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Which Phlebotomy Certification Is Best?

So you’re thinking of becoming a phlebotomist: Before you enroll in a training program, though, you need to decide which phlebotomy certification is best for you.

In this blog, I’ll break down five of the most common phlebotomy certifications to help you decide which is right for you:

  1. Certified Phlebotomy Technician
  2. Phlebotomy Technician
  3. Limited Phlebotomy Technician
  4. Donor Phlebotomy Technician
  5. Registered Phlebotomy Technician

But first, a quick note on what, exactly, phlebotomy certification is.

Training and certification show employers that you’re qualified.

Want to draw blood in a lab or doctor’s office? Get phlebotomy training first, then take a test for certification.

Certification means you’ve taken a course and passed one of several exams, qualifying you to work as a phlebotomist.

Which phlebotomy certification is best depends on the state you want to practice in. One thing is consistent across the US, though: phlebotomy certification is preferred by employers. It’s much easier to get a job as a phlebotomist if you go through the training process and sit for an exam.

Texas does not require certification, but employers often do.

Some states require certification. Texas does not.

However, employers still look to certification to determine who’s qualified. That means your choice should be about which program offers you the best return on your investment.

Choose from five types of certification.

Here’s more about how each one stacks up.

1. Certified Phlebotomy Technician (CPT) certifications make the most sense for aspiring phlebotomists.

With accredited training, a CPT certification is a great starting point for your career as a phlebotomist. That’s why we chose to get accredited through the National Healthcare Association (NHA) and allow students to sit for the CPT exam on the last day of class.

Training Time: 56 Hours (Seven Weeks)
Job Opportunities: High
Cost: Below Average

Through the training process, students will be able to perform all the essential procedures, like venipuncture and skin puncture, maintain equipment, and prepare samples for testing. Training takes as little as seven weeks, at least at NTX.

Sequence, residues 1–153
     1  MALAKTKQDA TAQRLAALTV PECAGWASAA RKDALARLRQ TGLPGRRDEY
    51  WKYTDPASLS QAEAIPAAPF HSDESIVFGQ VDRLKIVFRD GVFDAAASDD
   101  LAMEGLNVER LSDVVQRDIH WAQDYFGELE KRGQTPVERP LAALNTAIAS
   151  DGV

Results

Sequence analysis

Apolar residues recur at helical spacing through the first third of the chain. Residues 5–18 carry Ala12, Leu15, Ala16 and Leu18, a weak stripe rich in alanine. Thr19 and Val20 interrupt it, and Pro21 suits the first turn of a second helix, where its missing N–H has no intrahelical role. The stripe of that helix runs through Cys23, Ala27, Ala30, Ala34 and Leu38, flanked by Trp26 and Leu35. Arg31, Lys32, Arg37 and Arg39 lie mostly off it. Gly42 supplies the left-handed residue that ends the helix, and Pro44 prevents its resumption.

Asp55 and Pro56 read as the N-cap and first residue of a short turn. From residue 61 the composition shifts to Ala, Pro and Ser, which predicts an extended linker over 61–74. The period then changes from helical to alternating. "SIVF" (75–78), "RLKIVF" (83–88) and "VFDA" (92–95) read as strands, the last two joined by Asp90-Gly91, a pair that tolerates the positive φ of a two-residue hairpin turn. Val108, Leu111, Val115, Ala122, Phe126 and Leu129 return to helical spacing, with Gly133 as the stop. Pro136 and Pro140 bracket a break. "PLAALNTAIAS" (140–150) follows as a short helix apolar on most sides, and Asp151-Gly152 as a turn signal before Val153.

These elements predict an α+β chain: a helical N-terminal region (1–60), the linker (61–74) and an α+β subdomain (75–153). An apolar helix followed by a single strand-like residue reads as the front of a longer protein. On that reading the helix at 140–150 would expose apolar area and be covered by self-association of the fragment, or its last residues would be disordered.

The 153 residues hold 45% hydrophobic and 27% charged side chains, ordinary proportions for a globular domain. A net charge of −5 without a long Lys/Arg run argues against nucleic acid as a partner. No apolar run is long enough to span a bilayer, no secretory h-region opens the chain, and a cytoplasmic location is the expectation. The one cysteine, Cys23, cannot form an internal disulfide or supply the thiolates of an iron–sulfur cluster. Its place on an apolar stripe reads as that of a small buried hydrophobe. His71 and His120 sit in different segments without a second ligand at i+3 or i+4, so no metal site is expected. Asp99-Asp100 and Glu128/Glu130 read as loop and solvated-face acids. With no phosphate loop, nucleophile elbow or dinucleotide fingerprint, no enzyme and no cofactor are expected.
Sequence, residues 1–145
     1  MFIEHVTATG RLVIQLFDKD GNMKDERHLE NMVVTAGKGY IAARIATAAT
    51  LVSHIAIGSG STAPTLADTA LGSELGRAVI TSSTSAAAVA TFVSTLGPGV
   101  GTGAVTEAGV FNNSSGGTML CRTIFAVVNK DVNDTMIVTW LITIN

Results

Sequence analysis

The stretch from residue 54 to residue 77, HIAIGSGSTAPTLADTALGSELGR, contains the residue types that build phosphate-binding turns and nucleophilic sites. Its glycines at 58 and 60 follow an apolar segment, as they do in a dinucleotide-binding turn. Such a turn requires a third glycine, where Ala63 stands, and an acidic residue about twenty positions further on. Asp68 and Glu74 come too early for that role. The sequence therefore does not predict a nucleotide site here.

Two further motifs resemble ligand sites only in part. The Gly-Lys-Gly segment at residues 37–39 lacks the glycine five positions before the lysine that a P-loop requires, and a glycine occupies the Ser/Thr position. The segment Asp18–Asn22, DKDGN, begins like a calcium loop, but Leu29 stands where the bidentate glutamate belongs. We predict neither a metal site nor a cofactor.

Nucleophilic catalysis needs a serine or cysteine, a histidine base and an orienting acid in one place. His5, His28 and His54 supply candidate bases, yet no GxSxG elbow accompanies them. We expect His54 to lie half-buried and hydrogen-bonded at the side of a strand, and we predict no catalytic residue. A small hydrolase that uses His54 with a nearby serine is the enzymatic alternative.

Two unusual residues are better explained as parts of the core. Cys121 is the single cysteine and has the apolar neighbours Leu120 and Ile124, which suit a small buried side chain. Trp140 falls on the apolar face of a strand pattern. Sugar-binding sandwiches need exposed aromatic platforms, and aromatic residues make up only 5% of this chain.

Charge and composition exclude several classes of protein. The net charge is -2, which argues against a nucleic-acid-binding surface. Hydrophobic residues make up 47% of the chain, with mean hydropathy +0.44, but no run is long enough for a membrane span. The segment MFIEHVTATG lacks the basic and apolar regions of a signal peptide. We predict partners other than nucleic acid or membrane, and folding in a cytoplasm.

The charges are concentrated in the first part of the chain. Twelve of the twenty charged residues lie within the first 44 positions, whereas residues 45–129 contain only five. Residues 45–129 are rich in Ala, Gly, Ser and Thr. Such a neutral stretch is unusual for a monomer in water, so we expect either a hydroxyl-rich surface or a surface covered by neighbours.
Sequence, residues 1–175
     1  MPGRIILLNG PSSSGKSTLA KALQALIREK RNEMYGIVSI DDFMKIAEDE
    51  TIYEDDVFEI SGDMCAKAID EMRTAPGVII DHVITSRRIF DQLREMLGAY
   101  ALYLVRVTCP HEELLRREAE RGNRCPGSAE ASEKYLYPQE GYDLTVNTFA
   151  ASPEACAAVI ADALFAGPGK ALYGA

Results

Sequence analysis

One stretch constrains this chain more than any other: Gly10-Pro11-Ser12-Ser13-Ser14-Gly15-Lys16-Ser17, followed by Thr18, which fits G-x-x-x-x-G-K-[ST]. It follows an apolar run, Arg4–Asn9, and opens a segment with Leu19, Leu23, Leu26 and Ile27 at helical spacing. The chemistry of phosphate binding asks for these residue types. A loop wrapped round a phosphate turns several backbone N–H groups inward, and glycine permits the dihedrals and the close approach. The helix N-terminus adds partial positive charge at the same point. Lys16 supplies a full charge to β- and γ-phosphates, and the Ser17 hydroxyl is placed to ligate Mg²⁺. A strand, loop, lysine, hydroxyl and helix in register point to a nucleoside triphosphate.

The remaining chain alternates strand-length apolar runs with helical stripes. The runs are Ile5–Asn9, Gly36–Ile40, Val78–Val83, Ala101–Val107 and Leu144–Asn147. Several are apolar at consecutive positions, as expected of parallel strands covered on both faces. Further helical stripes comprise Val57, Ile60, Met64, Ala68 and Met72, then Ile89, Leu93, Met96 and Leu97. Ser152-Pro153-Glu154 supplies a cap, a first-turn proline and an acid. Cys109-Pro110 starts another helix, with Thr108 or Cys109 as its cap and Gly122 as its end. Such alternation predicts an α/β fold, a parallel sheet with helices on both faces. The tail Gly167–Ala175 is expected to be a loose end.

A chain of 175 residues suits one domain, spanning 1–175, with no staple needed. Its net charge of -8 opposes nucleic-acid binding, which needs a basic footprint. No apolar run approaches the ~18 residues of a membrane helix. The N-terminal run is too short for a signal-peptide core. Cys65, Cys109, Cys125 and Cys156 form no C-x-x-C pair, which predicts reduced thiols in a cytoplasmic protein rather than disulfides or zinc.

2. Phlebotomy Technician (PBT) certifications could be a good next step after you’ve built up experience.

Obtaining a PBT certification is a little more advanced than CPT, preparing you to deal with special cases like pediatric or geriatric patients.

Training Time: 140 hours
Job Opportunities: Above Average
Cost: High

If you already have CPT, PBT certification could be a good next step. However, it covers many areas you probably won’t need starting out, so it might not make sense to get PBT first.

3. Limited Phlebotomy Technician (LPT) certifications can only perform certain blood draws.

LPT certifications are a good fit for individuals who are not interested in finding the best employment possible and are happy performing a limited range of blood draws—specifically, skin puncture blood collection.

Training Time: 20 Hours
Job Opportunities: Limited
Cost: Average

In many states, LPTs need only 20 hours of classroom time, so it’s less time-intensive than other programs. This certification may be right for some people, but if you’re going to invest the time to train to become a phlebotomist, you’ll probably want to train and test for a certification that offers more opportunities.

4. Donor Phlebotomist Technician (DPT) certifications will limit your options.

Phlebotomists who train, test, and obtain a Donor Phlebotomist Technician (DPT) certification will be limited to phlebotomy for blood donation. That means employment at blood banks, mobile blood donation, and blood donation drives.

Training Time: 20-50 Hours
Job Opportunities: Severely Limited
Cost: Low

We don’t recommend it for young people, but if you’re not interested in any other kind of work besides blood donation, a DPT is a sure bet.

5. Registered Phlebotomy Technician (RPT) certifications make sense for highly experienced, advanced phlebotomists.

Registered Phlebotomy Technician (RPT) certifications are for people who have been working in the field for a few years and want to expand their range of work, such as administration work in the lab.

Training Time: 1000 Hours
Job Opportunities: High (If experienced)
Cost: High

It’s not the certification you’ll want to begin your phlebotomy career with because it requires a high investment of money and time just to get started.

NTX Training Institute offers training for Certified Phlebotomy Technicians.

Simply put, we think a CPT is the best option for those new to the healthcare industry and want entry-level positions. We believe we have the most convenient options and the best instructors. Take a look:

  • Night or day classes
  • Experienced instructors
  • Accredited coursework
  • Hands-on instruction

Enroll today to start training for a career in phlebotomy.

– Roxanne Lozano, Founder & Lead Instructor
NTX Training Institute

Meet the Author
Roxanne Lozano is the founder and lead instructor of NTX Training Institute. As a certified phlebotomist with over a decade of experience, Roxanne is strong proponent of a more compassionate, collaborative, and practical approach to phlebotomy education.

“Certification is the start,” she says. “I’m focused on building careers and changing lives.”

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